Talking Soccer: Pulisic becomes the man US needs


United States’ Christian Pulisic (10) celebrates after scoring a goal against Panama during the first half of a World Cup qualifying soccer match, Friday, Oct. 6, 2017, in Orlando, Fla. (AP Photo/John Raoux)

Imagine being 19 years old and having the hopes of an entire nation on your back—nation that has no pedigree, history or superstars.

Christian Pulisic, a kid who left Hershey, Pennsylvania to go to Dortmund, Germany has had a meteoric rise that put him on the European map and makes him the biggest star the United States Men’s National Team has ever had. All of this is happening before he’s turned 20 years old.

Now regardless of all of this, I can’t say I would give Pulisic a break. Why would I? Was Messi ever given a chance? Was Ronaldo with Portugal? Rooney? No, they weren’t, and Pulisic is essentially the same. If you are good enough, you are good enough.

He lacks experience, that’s true. It’s also true that he was never asked to be put in this place. But when the World Cup dreams of your country rest on your feet, there is no margin for error, and you need to take that place you were thrown into.

Pulisic had to grow up quickly, and he did just that. He eased the team’s worry of not qualifying for Russia 2018 by putting on a masterclass performance against Panama Friday night. This is by far and away a better and more mature Pulisic than the one that showed up in United States disappointments against Costa Rica and Honduras earlier this year.

Stefan Beckownski, a reporter who follows Dortmund for ESPN, wrote on Twitter that the Costa Rica game was the worst game Pulisic had played in about a year and half.

What a moment to have the worst game in a long time. It happened, it complicated things and it put the U.S. in genuine fear of missing out on the World Cup.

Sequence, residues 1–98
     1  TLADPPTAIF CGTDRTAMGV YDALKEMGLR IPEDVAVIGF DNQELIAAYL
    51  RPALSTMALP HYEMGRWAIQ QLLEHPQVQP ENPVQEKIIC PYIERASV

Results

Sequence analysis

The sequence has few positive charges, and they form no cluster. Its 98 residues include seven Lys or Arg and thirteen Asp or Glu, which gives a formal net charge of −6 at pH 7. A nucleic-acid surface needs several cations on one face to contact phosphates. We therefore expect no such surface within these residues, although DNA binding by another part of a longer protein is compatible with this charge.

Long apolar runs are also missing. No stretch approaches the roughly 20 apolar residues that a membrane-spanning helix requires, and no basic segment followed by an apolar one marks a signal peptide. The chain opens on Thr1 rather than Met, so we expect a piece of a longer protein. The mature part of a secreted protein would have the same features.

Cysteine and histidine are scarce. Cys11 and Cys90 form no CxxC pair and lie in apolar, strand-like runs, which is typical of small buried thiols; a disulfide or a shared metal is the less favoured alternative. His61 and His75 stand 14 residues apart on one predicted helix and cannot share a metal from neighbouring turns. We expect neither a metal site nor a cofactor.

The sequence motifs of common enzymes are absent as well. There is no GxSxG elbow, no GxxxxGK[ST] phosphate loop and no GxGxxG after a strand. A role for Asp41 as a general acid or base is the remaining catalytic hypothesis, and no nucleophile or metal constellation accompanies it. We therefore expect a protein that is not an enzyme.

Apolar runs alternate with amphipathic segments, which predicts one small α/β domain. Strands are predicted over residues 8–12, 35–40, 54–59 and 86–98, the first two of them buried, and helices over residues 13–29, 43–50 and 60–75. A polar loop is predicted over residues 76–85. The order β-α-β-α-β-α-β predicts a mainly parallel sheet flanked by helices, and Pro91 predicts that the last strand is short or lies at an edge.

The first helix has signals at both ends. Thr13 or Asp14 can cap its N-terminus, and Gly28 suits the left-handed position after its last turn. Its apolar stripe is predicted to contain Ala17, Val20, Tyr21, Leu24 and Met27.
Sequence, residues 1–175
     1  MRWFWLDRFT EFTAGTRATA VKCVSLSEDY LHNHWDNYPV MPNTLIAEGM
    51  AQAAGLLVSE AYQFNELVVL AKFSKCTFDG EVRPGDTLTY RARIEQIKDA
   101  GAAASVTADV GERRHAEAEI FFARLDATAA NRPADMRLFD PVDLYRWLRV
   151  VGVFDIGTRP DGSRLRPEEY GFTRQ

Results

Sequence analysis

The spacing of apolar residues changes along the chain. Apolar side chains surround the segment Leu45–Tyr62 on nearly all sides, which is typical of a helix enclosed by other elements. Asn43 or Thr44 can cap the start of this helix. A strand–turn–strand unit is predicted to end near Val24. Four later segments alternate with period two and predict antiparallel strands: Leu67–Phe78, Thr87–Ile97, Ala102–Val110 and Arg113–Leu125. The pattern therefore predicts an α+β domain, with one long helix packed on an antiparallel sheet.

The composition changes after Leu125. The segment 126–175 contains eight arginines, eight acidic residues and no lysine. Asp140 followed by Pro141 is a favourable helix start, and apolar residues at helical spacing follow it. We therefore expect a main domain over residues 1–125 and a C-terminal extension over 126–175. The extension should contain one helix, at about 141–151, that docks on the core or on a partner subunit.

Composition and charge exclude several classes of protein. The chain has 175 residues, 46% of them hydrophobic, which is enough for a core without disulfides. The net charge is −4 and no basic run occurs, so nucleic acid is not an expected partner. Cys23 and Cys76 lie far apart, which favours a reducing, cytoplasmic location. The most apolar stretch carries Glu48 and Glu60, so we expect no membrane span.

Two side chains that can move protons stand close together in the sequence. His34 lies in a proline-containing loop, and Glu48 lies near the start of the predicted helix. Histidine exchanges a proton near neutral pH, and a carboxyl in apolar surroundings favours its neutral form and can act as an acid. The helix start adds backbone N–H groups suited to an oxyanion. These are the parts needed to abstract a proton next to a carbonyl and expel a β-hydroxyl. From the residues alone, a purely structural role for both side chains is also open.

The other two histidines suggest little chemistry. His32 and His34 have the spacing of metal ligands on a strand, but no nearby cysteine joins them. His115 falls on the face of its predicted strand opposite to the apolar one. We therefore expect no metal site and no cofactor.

Pulisic didn’t dwell on it though; he moved on and went back to Dortmund and played as well as he could. He didn’t let that poor performance and bad result take anything from him. That’s maturity. That’s how you are supposed to behave at this level.

On Friday night, he scored a goal and gave an assist en route to the 4-0 victory that gave the United States a 97 percent chance to qualify for the World Cup, according to ESPN SPI.

It seems as though Pulisic will be better than Landon Donovan. Pulisic could very well be the biggest name in soccer this country has ever seen. He has so much left to do, so much left to improve on, so much to learn.

However, let’s remember, soccer is not a one-man band. Ask Messi with Argentina – what good is it to be considered the best player in the world when your national team doesn’t have chemistry? They wait for you to do everything.

It’s not good at all when your team completely relies on you. It hurts you and makes an entire country put the blame on you. So for his sake and for the sake of this team, I hope Bruce Arena has the capacity to protect him and build a team around him. It will take time. The United States won’t emerge as a soccer power nation by next summer, but hopefully kids watching Pulisic take the nation – and the world – by storm are inspired to play soccer.

Pulisic might have been forced to grow faster than most teenagers in a lot of senses—moving to a different country, being the best player for the United States at 18 or 19 years old. But at that game with Panama, he became a man. And he became the man the United States needed.

Daniela Marulanda is a campus correspondent for The Daily Campus. She can be reached via email at

Leave a Reply